Yes, We Will Have No Bananas
By DAN KOEPPEL
ONCE you become accustomed to gas at $4 a gallon, brace yourself for the next shocking retail threshold: bananas reaching $1 a pound. At that price, Americans may stop thinking of bananas as a cheap staple, and then a strategy that has served the big banana companies for more than a century — enabling them to turn an exotic, tropical fruit into an everyday favorite — will begin to unravel.
…Americans eat as many bananas as apples and oranges combined, which is especially amazing when you consider that not so long ago, bananas were virtually unknown here. They became a staple only after the men who in the late 19th century founded the United Fruit Company (today’s Chiquita) figured out how to get bananas to American tables quickly — by clearing rainforest in Latin America, building railroads and communication networks and inventing refrigeration techniques to control ripening.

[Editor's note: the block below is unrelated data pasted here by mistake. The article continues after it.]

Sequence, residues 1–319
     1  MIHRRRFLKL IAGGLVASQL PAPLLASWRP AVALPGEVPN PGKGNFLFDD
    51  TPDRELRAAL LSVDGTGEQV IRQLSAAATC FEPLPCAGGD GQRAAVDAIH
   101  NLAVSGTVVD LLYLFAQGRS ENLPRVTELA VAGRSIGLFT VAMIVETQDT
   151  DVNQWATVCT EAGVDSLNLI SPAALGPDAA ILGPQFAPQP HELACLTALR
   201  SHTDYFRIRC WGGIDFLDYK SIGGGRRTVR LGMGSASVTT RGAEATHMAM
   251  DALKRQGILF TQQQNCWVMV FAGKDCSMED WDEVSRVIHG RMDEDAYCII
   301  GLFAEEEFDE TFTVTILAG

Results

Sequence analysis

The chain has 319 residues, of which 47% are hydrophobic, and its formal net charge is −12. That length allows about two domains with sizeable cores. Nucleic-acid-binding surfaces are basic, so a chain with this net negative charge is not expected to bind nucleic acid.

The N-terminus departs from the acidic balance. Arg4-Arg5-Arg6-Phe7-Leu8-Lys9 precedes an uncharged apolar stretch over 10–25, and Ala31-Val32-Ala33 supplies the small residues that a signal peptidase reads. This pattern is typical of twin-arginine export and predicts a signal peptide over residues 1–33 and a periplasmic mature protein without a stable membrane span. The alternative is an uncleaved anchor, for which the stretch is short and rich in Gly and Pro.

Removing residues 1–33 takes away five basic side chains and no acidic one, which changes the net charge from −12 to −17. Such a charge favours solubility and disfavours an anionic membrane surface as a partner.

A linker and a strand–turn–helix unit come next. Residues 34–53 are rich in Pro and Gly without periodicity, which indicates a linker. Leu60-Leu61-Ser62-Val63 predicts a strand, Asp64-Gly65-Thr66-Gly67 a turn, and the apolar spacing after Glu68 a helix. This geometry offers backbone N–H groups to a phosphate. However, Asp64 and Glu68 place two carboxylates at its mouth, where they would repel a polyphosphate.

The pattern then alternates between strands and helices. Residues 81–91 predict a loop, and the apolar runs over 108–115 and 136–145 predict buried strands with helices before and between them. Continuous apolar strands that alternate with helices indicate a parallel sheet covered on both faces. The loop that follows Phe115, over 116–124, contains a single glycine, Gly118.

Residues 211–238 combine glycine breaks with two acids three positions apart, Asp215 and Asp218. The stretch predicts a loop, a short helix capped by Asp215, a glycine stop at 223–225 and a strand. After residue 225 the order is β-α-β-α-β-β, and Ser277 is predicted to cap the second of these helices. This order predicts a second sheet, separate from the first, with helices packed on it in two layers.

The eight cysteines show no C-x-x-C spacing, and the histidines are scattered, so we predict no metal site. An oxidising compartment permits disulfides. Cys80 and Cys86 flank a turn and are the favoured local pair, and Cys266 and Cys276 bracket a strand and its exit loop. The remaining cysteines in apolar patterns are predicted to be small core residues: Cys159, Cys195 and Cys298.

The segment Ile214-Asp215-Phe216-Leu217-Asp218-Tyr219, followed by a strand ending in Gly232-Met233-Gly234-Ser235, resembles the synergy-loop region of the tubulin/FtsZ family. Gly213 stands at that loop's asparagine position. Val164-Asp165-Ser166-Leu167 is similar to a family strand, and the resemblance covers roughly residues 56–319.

….In recent years, American consumers have begun seeing the benefits — to health, to the economy and to the environment — of buying foods that are grown close to our homes. Getting used to life without bananas will take some adjustment. What other fruit can you slice onto your breakfast cereal?
But bananas have always been an emblem of a long-distance food chain. Perhaps it’s time we recognize bananas for what they are: an exotic fruit that, some day soon, may slip beyond our reach
What’s Your Foodprint?
Are you re localizing your food habits and diet? What foods/fruits have you weaned yourself off of lately?
Our little motto that we strive to eat by “if it’s not growing in my backyard then it ain’t local.”